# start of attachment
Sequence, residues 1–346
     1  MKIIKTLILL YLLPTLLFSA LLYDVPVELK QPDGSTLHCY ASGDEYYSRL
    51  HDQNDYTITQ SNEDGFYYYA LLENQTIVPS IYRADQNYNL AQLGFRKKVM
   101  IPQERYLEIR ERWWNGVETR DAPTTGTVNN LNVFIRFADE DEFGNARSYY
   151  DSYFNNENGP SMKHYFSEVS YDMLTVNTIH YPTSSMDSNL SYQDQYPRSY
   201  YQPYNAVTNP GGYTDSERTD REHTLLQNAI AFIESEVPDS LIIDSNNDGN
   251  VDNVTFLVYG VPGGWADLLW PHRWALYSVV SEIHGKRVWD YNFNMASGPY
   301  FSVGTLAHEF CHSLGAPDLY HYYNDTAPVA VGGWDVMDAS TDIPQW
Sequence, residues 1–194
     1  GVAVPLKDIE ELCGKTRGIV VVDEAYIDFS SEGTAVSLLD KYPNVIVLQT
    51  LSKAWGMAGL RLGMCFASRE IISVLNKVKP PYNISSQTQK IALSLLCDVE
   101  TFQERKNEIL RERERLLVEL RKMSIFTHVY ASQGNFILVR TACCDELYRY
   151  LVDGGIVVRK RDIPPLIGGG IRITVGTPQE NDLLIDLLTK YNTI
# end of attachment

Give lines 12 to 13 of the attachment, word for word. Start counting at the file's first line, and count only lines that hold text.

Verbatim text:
   101  TFQERKNEIL RERERLLVEL RKMSIFTHVY ASQGNFILVR TACCDELYRY
   151  LVDGGIVVRK RDIPPLIGGG IRITVGTPQE NDLLIDLLTK YNTI